UPDATE: Watch Douglas Alexander: “new media is important, but it’s about having a conversation with the voters.”
Some of the apparent failings of the Tory strategy have already been highlighted, by Allegra Stratton who notes that the marginals operation led by Lord Ashcroft may not be ready in time for the election; and Will Straw who cites Joe Rospars from Crabtree’s piece:
“[Rospars] questions whether the Tories really did learn the lesson of Obama’s campaign: that what matters in politics is the mobilisation of real people. “For all their data-bases and search-engine tricks, you have to ask what is the quality of interaction most people will have with the Tories during your British election. If they’re still only getting leaflets, or even emails, and not a knock on the door from a neighbour they know, then they are only halfway to getting what we did.”
I’ve already written that an effective online strategy requires two types of activity: communication and, perhaps more importantly, organisation, and how Labour HQ has provided the tools to enable the type of online grassroots activism – the “mobilisation of real people”, as Rospars put it – that will be critical during the election campaign. To paraphrase Rishi Saha, one of the Tories’ web people, online campaigning is not about building a flash website and then tempting people in as they float by doing other things on the web. The Obama campaign taught us, after all, that online campaigning should be about supporting traditional activism on the ground, and enhancing real world campaigns.
Labour’s campaign HQ now tells me that its tools are reaping real rewards in the following ways:
* Local volunteers have used MembersNet to organise 15,000 individual campaign events.
* When you factor in contacts made by phone by Labour activists using the virtual phone bank, those figures reach nearly 200,000 voter contacts per week – nearly three times as many as at a similar point during the election campaign in 2005.
The relative success of MembersNet over MyConservatives.com is largely due to Labour HQ developing its project over three years, knowing it would take time for supporters to embrace such a system. Conversely, MyConservatives.com was launched only late last year, a few months before the beginning of the short campaign.
And, significantly, the Tories have not presented any evidence that their key campaign site is driving people to take action on the party’s behalf in any substantial number, while Labour’s online activity is delivering good real world results.
For example, Labour HQ has built-in updates, presented in real time, which enable a dedicated team at Party HQ to phone someone who volunteers for the party within hours of their registration, to find out how they want to be involved and then point them in the direction of their nearest marginal seat. Over 300 people have turned up to volunteer at campaign events across the country in the last two weeks as a result of this new system.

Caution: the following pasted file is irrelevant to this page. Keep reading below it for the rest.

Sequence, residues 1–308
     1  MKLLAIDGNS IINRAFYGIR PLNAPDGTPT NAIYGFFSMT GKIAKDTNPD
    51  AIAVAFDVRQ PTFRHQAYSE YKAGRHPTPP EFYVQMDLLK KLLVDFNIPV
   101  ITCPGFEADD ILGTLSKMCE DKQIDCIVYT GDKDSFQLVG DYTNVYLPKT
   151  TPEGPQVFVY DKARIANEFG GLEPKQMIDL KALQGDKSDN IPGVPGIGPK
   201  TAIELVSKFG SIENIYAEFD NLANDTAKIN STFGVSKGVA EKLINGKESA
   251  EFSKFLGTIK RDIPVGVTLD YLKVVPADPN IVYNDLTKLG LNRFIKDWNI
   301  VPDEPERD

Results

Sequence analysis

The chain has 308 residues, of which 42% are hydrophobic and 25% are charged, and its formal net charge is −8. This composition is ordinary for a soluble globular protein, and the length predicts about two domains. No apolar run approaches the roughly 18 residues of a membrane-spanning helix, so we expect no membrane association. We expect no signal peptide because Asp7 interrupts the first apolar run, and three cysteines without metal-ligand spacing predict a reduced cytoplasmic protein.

New party members are also receiving often-immediate phone calls from party staff as they join online, to welcome them to the party and ask them how they might like to be involved. In one case I’ve heard about, this has happened even before the new member had put his credit card away upon joining.
Labour will also shortly be releasing its iPhone app – so even when activists are out campaigning, they’ll be able to receive real-time updates on events, policy and the latest talking points from the campaign.
The Tories released their own iPhone app last weekend. But while its top feature is an functionally useless “swingometer” Labour’s app will include not only events listings but also a mobile virtual phone bank to allow supporters to act where it counts – in offline campaigning.
James Crabtree’s piece also interestingly points out that Tim Montgomerie of ConservativeHome returned from the US and argued strongly that:
“Parties had to junk their traditional ways and instead run aggressive, attention-grabbing, single-issue online campaigns, often without party branding, which in turn could gather millions of email addresses with which to speak to voters come election time”
However, this is a technique that was never effectively implemented by the Conservatives. The only time they tried to harvest email addresses on single issue campaigns, with their infamous “Tosser” campaign in 2006, they got it badly wrong. Tory HQ ditched the campaign quickly and went back to the drawing board – and they’ve never really tried to apply the technique again since. The “Tosser” campaign website is now dead.
Labour, on the other hand, have been very effective at using single issues to connect with people. People in the party tell me that tens of thousands of email addresses have been harvested using campaigns such as Ed’s Pledge and Back the Ban – and the party is using these to talk to people on those lists about the issues they care about. So, if you sign up to Ed’s Pledge you receive emails about climate change; if you sign up to Back the Ban you receive emails about fox hunting. Nothing else.
What’s more, these are some of Labour HQ’s best emails, because they don’t simply broadcast the latest news: every email asks people to take action – either by contacting a local candidate, writing to a local newspaper or by co-signing letters, for example.
Impressively, when Hilary Benn emailed the Back the Ban list – which gets open rates of up to 80%, way above the industry average which is below 20% – a few weeks ago to ask them to co-sign a letter to David Cameron asking for clarification on the Tories’ policy on fox hunting, over 6,000 people did so within just 4 hours.
So while the Tories gain attention for the style of their web activity, consider some of the above – and that while Labour is making real headway online, it is doing so with a focus on activity that will deliver real results offline, where it will really count.